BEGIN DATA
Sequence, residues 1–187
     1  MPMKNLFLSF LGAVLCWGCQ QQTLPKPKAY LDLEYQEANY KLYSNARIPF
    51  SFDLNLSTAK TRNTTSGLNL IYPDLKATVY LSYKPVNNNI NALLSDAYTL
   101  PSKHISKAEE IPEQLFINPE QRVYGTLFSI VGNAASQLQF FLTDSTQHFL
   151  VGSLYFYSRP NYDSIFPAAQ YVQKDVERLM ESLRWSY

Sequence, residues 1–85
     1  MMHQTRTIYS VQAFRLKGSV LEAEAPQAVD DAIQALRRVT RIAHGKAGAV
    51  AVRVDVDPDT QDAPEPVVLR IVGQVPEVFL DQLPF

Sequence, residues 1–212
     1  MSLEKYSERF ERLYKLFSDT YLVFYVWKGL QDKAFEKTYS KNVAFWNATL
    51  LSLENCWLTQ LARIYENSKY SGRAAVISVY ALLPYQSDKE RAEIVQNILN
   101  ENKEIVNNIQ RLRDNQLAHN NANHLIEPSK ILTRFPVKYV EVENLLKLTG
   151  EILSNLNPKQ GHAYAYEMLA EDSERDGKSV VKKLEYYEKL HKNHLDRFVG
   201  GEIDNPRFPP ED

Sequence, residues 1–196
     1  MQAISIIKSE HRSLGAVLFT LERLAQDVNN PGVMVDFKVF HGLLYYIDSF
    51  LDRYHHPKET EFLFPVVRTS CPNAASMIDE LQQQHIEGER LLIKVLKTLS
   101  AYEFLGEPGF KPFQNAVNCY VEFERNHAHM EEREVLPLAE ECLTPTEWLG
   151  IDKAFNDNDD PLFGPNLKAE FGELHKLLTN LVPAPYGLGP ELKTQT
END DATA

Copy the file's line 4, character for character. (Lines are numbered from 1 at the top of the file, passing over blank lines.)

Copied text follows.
   101  PSKHISKAEE IPEQLFINPE QRVYGTLFSI VGNAASQLQF FLTDSTQHFL